The Corner

The Counter Argument

Smart email in response to my syndicated column from a guy studying law across the pond:


The problem with the federalism argument, which you don’t acknowledge in your recent column, is that marriage is pretty meaningless if it’s a status that depends on geography. What happens when a gay Mass. married couple relocates to Texas, which doesn’t recognize homosexual marriage. Are they still married? If not, then it seems that we now have an even worse civil rights violation than before (if that’s what it was before Goodridge). The straight husband and wife move to Texas, and they’re still married. The gay couple, once married, now is not. Or does federalism just give Texas the right not to perform same-sex wedding ceremonies? How is the gay no-longer-married couple in Texas to fill out federal income tax forms–married or separate? If the gay no-longer-married couple separate, must they go back to Mass. for a divorce? Who has a right to their jointly-owned house in Texas in the meantime? If they had adopted a child in Mass., how do the Texas courts decide custody issue? The Texas statutes on custody (like nearly all states) on assume there are two spouses, and the spouse who is not awarded primary custody has specified visitation rights.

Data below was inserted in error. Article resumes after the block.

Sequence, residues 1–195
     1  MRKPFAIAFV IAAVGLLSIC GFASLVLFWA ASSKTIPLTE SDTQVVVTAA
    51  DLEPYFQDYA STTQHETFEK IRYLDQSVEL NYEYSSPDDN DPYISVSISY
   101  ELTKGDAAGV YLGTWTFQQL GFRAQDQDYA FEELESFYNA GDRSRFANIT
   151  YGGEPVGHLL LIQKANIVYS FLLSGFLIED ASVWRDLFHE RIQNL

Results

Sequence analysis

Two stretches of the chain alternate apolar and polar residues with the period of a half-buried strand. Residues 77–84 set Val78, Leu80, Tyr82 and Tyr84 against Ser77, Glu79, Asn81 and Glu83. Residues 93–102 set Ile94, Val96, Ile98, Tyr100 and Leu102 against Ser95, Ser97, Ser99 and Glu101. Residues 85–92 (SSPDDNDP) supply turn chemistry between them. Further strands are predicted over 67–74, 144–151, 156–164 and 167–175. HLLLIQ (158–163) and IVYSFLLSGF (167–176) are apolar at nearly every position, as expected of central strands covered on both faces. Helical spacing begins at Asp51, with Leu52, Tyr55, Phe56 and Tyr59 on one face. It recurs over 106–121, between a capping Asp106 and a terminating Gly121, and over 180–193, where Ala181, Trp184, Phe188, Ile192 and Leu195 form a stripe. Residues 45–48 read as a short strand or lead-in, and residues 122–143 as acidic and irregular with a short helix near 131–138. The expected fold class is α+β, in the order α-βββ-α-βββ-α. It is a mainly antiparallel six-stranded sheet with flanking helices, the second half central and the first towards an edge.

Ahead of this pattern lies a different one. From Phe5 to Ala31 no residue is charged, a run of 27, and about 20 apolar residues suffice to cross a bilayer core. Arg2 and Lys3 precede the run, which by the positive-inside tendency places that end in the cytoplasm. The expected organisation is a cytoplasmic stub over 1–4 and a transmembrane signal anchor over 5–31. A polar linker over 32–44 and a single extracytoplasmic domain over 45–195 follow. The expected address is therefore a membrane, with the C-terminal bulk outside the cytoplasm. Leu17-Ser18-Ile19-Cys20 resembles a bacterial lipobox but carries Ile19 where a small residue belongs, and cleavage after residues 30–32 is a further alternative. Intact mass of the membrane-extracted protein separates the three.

These questions–and thousands of similar ones–show that marriage, civil unions, and the like, cannot be settled on a state-by-state basis. I’m a huge fan of federalism. I prefer a constitution to be as substance-free as possible. But I’m afraid in this case it just won’t work.

That said, I don’t support the FMA in its current form. It merely gives judges a “conservative” tool to fight it out with courts like the Mass. Sup. Ct. Judges remain the policy makers, and that’s bad.

The horribly painful truth is that what we actually need is an amendment that gives Congress the power to define and regulate marriage and/or domestic partnerships. The precedent for this is the 14th Amendment, which gave Congress the power to enforce equal rights. Congress is nearly the last body on earth that I would like to see in charge of marriage policy. But it’s better than having the blue-state supreme courts impose same-sex marriage on everyone, which is the only alternative.

[Name withheld]


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